TIGIT developer iTeos raises $120m, and other financings

biotech financings
Dmytro Demidko

Our round-up of notable biotech financings in the last week includes a $120 million direct offering for immunology and inflammation biotech iTeos, and private rounds for Lycia, Attovia, Ajax, and CinDome.

Publicly-listed iTeos Therapeutics closed a $120 million direct offering led by existing investors RA Capital Management and Boxer Capital, topping up its cash reserves to $715 million, shortly after reporting positive interim results with its GSK-partnered anti-TIGIT antibody belrestotug (EOS-448) in the phase 2 GALAXIES Lung-201 study.

The new money means that iTeos can now fund its activities through 2027, including the start of multiple phase 3 studies of belrestotug in combination with GSK’s PD-1 inhibitor Jemperli (dostarlimab).

In GALAXIES, there was a “clinically meaningful” reduction at every dose of the combination tested compared to monotherapy with Jemperli or MSD’s PD-1 inhibitor Keytruda (pembrolizumab) in patients with previously untreated, advanced, or metastatic non-small-cell lung cancer (NSCLC). That efficacy exceeded iTeos’ expectations and was backed by a safety profile “in line with the TIGIT:PD-1 class,” said the company.

Protein degrader specialist Lycia Therapeutics completed a $107 million Series C financing that will be used to move its lead lysosomal targeting chimaera (LYTAC) candidates into clinical testing for autoimmune and inflammatory diseases.

Lycia’s technology relies on the use of small molecules or antibodies that can bind to both disease-associated proteins and cellular lysosomes – membrane-bound structures in the cell that are used to dispose of waste products – to stimulate the breakdown of the protein. In 2021, the promise of the approach attracted a partnership with Eli Lilly worth up to $1.6 billion.

Venrock Healthcare Capital Partners led the round, with participation from new investors Janus Henderson Investors, Marshall Wace, and Franklin Templeton, and continued support from existing investors including Lilly.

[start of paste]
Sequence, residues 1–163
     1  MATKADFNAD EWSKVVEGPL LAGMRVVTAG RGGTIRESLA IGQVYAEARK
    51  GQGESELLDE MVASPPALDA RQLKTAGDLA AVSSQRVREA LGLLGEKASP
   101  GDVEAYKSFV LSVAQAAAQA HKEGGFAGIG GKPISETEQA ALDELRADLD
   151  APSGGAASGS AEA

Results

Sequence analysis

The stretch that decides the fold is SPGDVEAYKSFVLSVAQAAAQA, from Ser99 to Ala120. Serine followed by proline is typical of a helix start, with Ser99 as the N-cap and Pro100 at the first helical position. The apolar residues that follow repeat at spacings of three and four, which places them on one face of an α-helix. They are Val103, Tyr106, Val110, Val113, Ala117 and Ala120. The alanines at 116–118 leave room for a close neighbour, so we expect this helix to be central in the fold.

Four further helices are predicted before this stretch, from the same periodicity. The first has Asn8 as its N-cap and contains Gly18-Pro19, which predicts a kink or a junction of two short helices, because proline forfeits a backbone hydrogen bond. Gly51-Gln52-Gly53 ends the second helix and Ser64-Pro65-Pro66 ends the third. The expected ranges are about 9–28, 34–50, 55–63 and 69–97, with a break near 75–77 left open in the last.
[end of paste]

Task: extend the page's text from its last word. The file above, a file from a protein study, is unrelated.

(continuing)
Attovia Therapeutics has closed a $105 million Series B that will help fund its two lead programmes - ATTO-1310 for atopic dermatitis and other diseases associated with itching, and ATTO-002 for immune-mediated diseases – through to the readout of their first clinical trials.

The two candidates are both bispecific antibodies – dubbed Attobodies – that have the ability to bind to two different targets on the same molecule and offer high affinity, enhanced internalisation into cells, as well as fast tissue penetration, according to the biotech. ATTO01310 targets IL31, while ATTO-002 hits both IL31 and IL13. The first clinical trial, of ATTO-002, is due to get underway next year.

The financing was led by Goldman Sachs Alternatives, with participation from new backers Cormorant Asset Management, Nextech Ventures, Redmile Group, EcoR1 Capital, Marshall Wace, and Logos Capital, as well as existing investors. Goldman Sachs’ life sciences managing director Colin Walsh has joined Attovia’s board.

Goldman Sachs also led a $95 million third-round financing this week for Ajax Therapeutics, backed by new investors including Eli Lilly, Vivo Capital, RA Capital Management, and Point72.

The cash injection comes as Ajax has been cleared by the US FDA to start clinical trials of AJ1-11095, which Ajax says will be the first type 2 JAK2 inhibitor to be tested in human subjects. A study in bone marrow cancer myelofibrosis is expected to get underway in the latter half of this year. The funds will be used for that study and to advance Ajax’s pipeline of other drugs for myeloproliferative neoplasms (MPNs).

The company said AJ1-11095 will bring “much-needed innovation” to the field of JAK inhibitors for myelofibrosis and other MPNs. At the moment, all approved JAK2 inhibitors target the type 1 form, and Ajax believes its drug can offer greater efficacy – with disease modification – as well as activity in cancers that become resistant to type 1 JAK2 inhibitors.

Finally, CinDome Pharma has raised $40 million in a Series B extension that takes the total to $59 million and will be used to fund a phase 2 trial of lead drug deudomperidone (CIN-102) in adults with delayed gastric emptying (gastroparesis) due to diabetes, and prepare for registrational studies.

The company is currently recruiting patients in the envision3D study of deudomperidone, a deuterated form of domperidone, which is widely used to treat gastroparesis outside the US. Safety concerns – notably a cardiac effect known as QT prolongation – mean domperidone has not been approved in the US, and CinDome’s deuterated version seems to reduce that side effect.

The extension to the round came from existing investors, including Perceptive Advisors and CinRx Pharma.

Photo by Dmytro Demidko on Unsplash